NORTHBRIDGE, Mass. – The Board of Selectmen stressed at a meeting last night the importance of the upcoming Annual Town Election which will be held next Tuesday, May 15 from 7 a.m. to 8 p.m. at Northbridge High School, 427 Linwood Ave.
Though there is only one contested race on the ballot – Selectman James Marzec and former Selectman Joseph Montecalvo competing for one available position on the Board of Selectmen – there are six important ballot questions.
The first three suggest changes in the Town Charter, one of which reduces the School Committee from nine to five members; the last three ask voters to exclude from the confines of Proposition 2 ½ the expenditure of $2,160,000 for three separate projects - $635,000 for Town hall repair and renovation, $625,000 for a five-year road maintenance program, and $900,000 to install artificial turf on Lasell Field.
All the debt exclusion questions passed at Spring Annual Town Meeting last week, two of them approved unanimously. The Lasell Field project passed on a secret ballot vote, 127 to 92. Debt exclusion questions must be approved at Town Meeting and Town Election.
The town is in a “unique situation’’ this year, Town Manager Theodore Kozak said, because of early payment of the high school by the state and a debt reduction of $436,000 which could result in a $480 tax savings for the average homeowner.
If all three debt exclusion questions are approved, the one-year cost will be $409 on the average tax bill. With the allowed tax increase of 2.5 percent allowed under Proposition 2 ½ raising the average tax bill by about $100, Kozak said, tax bills would remain about the same.
Christopher Thompson, who chaired the Charter Review Committee, said it was a two-year process for its nine members. The proposed changes were approved by voters at last fall’s Annual Town Meeting. The Town Charter must be review every 10 years.
The Charter, though 20 years old, needed few changes, Thompson noted. “It is a living document that has passed the test of time,’’ he said.
In addition to reducing members of the school board, the changes reword some terms in the Charter and make the final step in the process of replacement, revision or amendment of the Charter be a ballot vote at town election.
It is a three-year process to reduce the School Committee members from nine to five, and currently there are vacancies on that board with only three candidates for five available positions.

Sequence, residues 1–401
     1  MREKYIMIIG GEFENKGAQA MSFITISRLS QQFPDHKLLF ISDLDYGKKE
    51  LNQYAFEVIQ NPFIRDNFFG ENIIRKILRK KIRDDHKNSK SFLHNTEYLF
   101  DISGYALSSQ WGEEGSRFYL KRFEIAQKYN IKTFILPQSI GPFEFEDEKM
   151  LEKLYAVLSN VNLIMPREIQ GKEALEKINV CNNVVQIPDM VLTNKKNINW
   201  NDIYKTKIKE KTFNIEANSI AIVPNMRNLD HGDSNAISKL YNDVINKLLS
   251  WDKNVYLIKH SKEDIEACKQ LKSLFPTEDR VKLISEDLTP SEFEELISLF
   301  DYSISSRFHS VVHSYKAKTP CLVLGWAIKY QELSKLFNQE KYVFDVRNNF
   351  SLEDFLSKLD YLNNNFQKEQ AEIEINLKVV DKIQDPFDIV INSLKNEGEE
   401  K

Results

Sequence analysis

Town Planner R. Gary Bechtholdt II and Wendall Kalsow of McGinley Kalsow & Associates, Inc. outlined again the Town Hall repair and renovation plan.
Kaslow said he wanted to answer some questions raised at the Spring Town Meeting last week. The town received a grant from the Massachusetts Historical Commission to replace the slate roof about 12 years ago and in return agreed to have all repairs reviewed and approved by the Commission. He also noted the plan includes a detailed maintenance plan.
The $635,000 repairs every window in Town Hall in addition to making several other exterior repairs. Bechtholdt said he has applied for a grant of up to $100,000 from the Massachusetts Historical Society to offset the cost of the project.
A PDF of the Town Hall renovation plan is attached.
Department of Public Works Director James Shuris outlined his $2.85 million five-year road maintenance program, $625,000 of that contributed by the town. The plan is to look at every road and make repair using several new processes before the roads fail.
Shuris plans to spend $125,000 of town money each year along with $485,000 of state Chapter 90 funding to achieve his road maintenance goal which he said will be an ongoing process. “Each dollar spent now saves $6 in the future,’’ he said.
“I’m hoping for a favorable ballot vote next week,’’ he said.
Brian Burke, co-chair of Friends of Lasell Field, outlined the $900,000 project. “We had hoped to raise the funds privately,’’ Burke said, but weren’t able to do that.
Turf is easier and cheaper now, Burke said, “and much safer for the athlete.’’
“We can understand that it’s their money,’’ Burke said of taxpayers. “If anything, the proposal raises some eyebrows and gets people to the polls.
“People in this town are willing to do what it takes to make this a better place to live,’’ said Selectman James Marzec.